Blending Cultures through Music | Interview with Xander Naylor

  • Describe your sound in 3 words.

Joy, tension, ecstasy.

  • In your music, you blend many different genres. Can you tell us more about your creative process?

My day-to-day practice is pretty regular, and often feels very slow.  It’s all about keeping the ideas flowing and fingers moving, to be ready when the ideas for songs come to mind.  

I’ve been a student of North Indian classical music for several years now, and much of my practice is spent on those melodic and rhythmic systems.  Practicing Indian ragas, which is very much centered on melody, is quite different from the more jazz-oriented and chord based approach I grew up with, so I spend ample time on keeping those muscles in shape.  I also spend a lot of time developing ways to emulate the voice with my instrument.  

I also do a lot of tinkering in the home studio with sound design and editing, just looking for new ways to layer sound and dream up sonic worlds.  Easily 95 percent of that stuff never gets heard by the public, but its hugely important to me to just keep trying things out and keep recording all the time.  I never know when some of that will come in handy later down the road.  A lot of the production approach to Continuum, which I worked extensively with Ian Hersey on (who engineered and mixed the record) stemmed from my own experiments before we went into the studio with the band.

All of the daily practice work is about moving, moving, moving, but when a new tune comes to mind, I usually drop the practice and leave space for composing.  Ideas hit at odd moments.  “Lunar Acropolis” was like that.  I was writing the record while snowed-in in Vermont, but as a spell of writer’s block hit, I decided to give up for the day and meditate.  I came out of a long sit, and the sun it, and the groove for “Lunar Acropolis” just jumped into my head and I got to writing and recording as fast as possible before it drifted off.  After several hours of work, I listened back and realized I had based the entire composition on a raga called Marwa, which is meant specifically to be played at that time of day.  The slow, osmosis practice must have seeped in that day!  I find it fascinating to work with different musical cultures long enough that they, hopefully, naturally synthesize in the body, then come out as music.

  • Your music has very cool and in many cases unconventional riffs. What is your favorite riff ever written?

“Know Your Enemy” by Rage Against the Machine.  Aside from being a riff-machine genius, Tom Morello’s wide sound palette and extended techniques on guitar were a huge influence before I even knew about the whole avant-garde improv scene where that kind of tool kit was commonplace.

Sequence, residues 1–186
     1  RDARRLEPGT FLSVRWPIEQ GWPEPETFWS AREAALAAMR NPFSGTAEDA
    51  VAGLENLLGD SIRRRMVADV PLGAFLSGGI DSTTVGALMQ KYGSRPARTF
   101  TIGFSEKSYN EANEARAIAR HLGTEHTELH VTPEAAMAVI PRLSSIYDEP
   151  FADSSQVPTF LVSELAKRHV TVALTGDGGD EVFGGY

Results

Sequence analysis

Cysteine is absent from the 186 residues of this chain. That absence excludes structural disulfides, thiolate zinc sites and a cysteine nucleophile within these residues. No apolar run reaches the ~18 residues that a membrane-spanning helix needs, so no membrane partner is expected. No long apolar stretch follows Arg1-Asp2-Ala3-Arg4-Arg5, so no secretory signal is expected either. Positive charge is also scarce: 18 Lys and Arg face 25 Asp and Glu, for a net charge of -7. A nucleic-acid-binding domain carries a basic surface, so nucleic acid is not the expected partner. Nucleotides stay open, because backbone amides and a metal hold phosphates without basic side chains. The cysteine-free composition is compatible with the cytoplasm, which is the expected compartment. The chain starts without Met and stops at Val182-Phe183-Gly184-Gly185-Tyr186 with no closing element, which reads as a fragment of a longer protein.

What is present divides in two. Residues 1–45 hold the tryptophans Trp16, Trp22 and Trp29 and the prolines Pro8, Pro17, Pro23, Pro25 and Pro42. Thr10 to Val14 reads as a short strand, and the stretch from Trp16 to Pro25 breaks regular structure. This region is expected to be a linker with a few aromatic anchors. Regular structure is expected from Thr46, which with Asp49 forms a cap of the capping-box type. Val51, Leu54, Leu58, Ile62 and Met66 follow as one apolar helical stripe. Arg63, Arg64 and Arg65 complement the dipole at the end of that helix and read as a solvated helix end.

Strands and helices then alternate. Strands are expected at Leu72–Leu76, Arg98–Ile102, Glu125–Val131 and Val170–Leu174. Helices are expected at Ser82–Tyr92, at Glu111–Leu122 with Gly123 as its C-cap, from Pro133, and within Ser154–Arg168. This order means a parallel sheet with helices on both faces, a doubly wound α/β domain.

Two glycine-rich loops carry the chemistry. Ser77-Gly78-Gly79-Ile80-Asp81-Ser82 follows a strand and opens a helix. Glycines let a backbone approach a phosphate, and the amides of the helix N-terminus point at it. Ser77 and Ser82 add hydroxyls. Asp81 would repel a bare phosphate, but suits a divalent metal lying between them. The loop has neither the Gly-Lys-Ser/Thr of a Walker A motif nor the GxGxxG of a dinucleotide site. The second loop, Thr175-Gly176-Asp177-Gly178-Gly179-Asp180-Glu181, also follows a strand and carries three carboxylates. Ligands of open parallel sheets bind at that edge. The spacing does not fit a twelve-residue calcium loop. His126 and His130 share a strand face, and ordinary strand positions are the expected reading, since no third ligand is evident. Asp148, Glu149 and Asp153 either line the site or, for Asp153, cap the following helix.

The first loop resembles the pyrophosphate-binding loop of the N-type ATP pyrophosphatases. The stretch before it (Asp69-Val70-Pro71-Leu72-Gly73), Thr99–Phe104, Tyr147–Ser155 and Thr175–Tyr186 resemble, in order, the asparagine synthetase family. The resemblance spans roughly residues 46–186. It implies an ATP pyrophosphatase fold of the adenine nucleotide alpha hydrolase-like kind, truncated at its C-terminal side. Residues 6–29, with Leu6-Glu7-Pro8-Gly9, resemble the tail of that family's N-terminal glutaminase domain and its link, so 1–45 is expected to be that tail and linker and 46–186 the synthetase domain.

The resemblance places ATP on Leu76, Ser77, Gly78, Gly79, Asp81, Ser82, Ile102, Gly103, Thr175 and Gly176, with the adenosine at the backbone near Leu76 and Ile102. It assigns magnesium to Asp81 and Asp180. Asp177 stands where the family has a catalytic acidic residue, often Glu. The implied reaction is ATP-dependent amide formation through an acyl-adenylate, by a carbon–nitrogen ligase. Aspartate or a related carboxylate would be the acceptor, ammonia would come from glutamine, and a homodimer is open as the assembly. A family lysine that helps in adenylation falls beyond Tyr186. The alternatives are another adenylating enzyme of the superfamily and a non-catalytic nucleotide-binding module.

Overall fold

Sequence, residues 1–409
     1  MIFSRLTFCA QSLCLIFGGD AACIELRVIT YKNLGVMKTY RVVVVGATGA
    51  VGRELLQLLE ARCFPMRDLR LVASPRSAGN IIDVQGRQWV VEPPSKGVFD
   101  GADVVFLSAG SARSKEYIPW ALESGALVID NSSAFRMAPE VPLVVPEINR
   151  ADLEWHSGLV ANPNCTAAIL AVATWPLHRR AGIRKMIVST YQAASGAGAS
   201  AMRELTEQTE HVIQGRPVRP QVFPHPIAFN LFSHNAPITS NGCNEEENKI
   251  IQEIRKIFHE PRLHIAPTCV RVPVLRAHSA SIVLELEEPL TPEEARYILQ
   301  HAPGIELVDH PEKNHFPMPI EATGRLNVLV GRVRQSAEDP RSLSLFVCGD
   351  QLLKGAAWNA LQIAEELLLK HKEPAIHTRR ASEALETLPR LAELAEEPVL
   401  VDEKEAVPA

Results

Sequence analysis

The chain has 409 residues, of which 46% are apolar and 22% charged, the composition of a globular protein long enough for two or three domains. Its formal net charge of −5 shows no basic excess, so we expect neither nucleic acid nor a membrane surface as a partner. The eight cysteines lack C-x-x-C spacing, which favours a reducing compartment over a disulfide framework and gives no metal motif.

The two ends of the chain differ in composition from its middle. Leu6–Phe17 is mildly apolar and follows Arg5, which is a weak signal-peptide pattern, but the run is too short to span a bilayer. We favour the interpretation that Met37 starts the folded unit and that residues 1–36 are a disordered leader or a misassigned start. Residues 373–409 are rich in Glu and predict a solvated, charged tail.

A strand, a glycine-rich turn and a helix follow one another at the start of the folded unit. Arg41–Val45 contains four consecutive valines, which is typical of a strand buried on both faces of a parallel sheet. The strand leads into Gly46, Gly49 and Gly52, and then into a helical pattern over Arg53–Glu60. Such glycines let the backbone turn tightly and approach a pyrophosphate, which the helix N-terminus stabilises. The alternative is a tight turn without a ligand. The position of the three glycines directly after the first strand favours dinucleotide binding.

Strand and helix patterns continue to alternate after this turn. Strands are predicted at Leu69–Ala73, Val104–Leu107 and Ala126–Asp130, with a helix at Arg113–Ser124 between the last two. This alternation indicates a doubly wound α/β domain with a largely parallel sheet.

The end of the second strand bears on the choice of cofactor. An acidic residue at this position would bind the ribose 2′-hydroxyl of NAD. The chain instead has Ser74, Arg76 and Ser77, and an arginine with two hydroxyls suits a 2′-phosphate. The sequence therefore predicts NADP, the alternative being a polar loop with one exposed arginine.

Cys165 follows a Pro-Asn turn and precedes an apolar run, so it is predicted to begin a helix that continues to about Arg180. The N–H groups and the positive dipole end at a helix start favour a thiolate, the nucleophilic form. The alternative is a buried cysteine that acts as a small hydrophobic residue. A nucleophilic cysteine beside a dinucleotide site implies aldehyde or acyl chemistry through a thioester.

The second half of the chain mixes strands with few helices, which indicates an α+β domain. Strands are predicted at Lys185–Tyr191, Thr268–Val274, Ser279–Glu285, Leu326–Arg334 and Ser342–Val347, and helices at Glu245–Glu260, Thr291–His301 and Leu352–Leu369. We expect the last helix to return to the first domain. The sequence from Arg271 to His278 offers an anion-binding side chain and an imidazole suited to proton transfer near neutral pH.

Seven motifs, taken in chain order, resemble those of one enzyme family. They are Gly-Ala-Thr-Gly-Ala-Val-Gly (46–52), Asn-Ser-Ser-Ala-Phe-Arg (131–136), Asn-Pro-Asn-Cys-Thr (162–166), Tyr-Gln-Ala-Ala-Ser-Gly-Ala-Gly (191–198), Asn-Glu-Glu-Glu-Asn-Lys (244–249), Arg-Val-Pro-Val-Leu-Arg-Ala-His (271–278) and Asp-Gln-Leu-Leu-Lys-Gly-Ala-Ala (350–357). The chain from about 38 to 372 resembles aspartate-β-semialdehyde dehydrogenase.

• Improvisation is also a key element in your music. Is improvisation a talent or a skill?

This is a great question!  I think musicians and scientists all over the world are asking this question.  I personally think there is a little bit of both.  There’s something very beautiful about the improvisations of a six-year-old hammering away at a piano, having never had a single lesson!  I do believe some people are born with the ability to shut down their inhibitions and let creativity flow.  There’s something about turning off the self-consciousness of “Am I doing this right?”  

At the same time, there are different improvisation systems and cultures, and to a certain extent they do need to be learned.  When I began studying Indian music I found this out.  Here in the West we have created certain systems and structures, and in India they’ve created others.  There are definitely overlaps, but to go from one system to another, yeah, I’d say that’s a skill to learn.

  • Who is your favourite Guitarist?

Eddie Van Halen RIP, John Scofield, Marc Ribot, James Blood Ulmer, Lenny Breau, Debashish Bhattacharya, Marc Ducret,  Chris Kyle, Ryan Dugre, Will Graefe, Vinay Kaushal.

  • If you could change anything about the music industry, what would it be?

Find a way for musicians to be valued in American society, and adequately compensated for their work.

  • You have performed all over the world .Can you share something funny that happened during one of your gigs? And what would be your dream performance venue?

Actually what comes to mind happened pretty close to home.  I used to play in a band called The Rex Complex.  Great music, but guaranteed total mayhem once the set started.  Once at a show in Brooklyn the singer, Rex, grabbed me by the foot and flipped me over backwards in the middle of a song.  I probably won’t have that experience again.  Valuable skill to keep playing a song while that’s happening.  The next song Rex wrestled a 300-lb, oil-covered stripper, also while singing.

I love playing intimate shows in basements and living rooms!

  • What is your favorite dish to make or eat?

Anything with turmeric and green chilis.

  • One last thing we should know about you?

I’ve been using my extra free time in coronavirus quarantine to volunteer.  I’ve been offering lessons through Virtual Lessons for Actual Change, started by friends Lake Street Dive. All of the lesson fees are donated to good causes: Equal Justice Initiative, Color of Change, and others.

I’ve also been a helping out with Vermont-based Migrant Justice, Who are raising awareness and improving working conditions for the vital migrant workers who are essentially the unrecognized keystones of agriculture in the Northeastern US.

  • Thank you!

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